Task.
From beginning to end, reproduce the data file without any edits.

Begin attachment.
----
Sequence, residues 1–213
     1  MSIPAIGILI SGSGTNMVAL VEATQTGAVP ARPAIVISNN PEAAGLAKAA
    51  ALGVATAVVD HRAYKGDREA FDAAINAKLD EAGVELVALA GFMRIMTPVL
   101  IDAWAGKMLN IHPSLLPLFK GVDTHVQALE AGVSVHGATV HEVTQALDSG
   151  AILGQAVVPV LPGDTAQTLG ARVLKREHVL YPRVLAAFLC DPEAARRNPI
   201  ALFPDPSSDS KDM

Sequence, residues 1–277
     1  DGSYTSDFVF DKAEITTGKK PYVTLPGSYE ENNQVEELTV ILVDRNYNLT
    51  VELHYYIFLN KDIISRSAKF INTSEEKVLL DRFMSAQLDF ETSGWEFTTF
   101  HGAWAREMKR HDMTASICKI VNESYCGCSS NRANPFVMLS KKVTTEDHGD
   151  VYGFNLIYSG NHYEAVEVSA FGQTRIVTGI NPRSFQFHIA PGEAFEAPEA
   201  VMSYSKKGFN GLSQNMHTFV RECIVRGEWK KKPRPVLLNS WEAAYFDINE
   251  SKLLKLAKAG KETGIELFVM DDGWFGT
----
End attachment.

Sequence, residues 1–213
     1  MSIPAIGILI SGSGTNMVAL VEATQTGAVP ARPAIVISNN PEAAGLAKAA
    51  ALGVATAVVD HRAYKGDREA FDAAINAKLD EAGVELVALA GFMRIMTPVL
   101  IDAWAGKMLN IHPSLLPLFK GVDTHVQALE AGVSVHGATV HEVTQALDSG
   151  AILGQAVVPV LPGDTAQTLG ARVLKREHVL YPRVLAAFLC DPEAARRNPI
   201  ALFPDPSSDS KDM

Sequence, residues 1–277
     1  DGSYTSDFVF DKAEITTGKK PYVTLPGSYE ENNQVEELTV ILVDRNYNLT
    51  VELHYYIFLN KDIISRSAKF INTSEEKVLL DRFMSAQLDF ETSGWEFTTF
   101  HGAWAREMKR HDMTASICKI VNESYCGCSS NRANPFVMLS KKVTTEDHGD
   151  VYGFNLIYSG NHYEAVEVSA FGQTRIVTGI NPRSFQFHIA PGEAFEAPEA
   201  VMSYSKKGFN GLSQNMHTFV RECIVRGEWK KKPRPVLLNS WEAAYFDINE
   251  SKLLKLAKAG KETGIELFVM DDGWFGT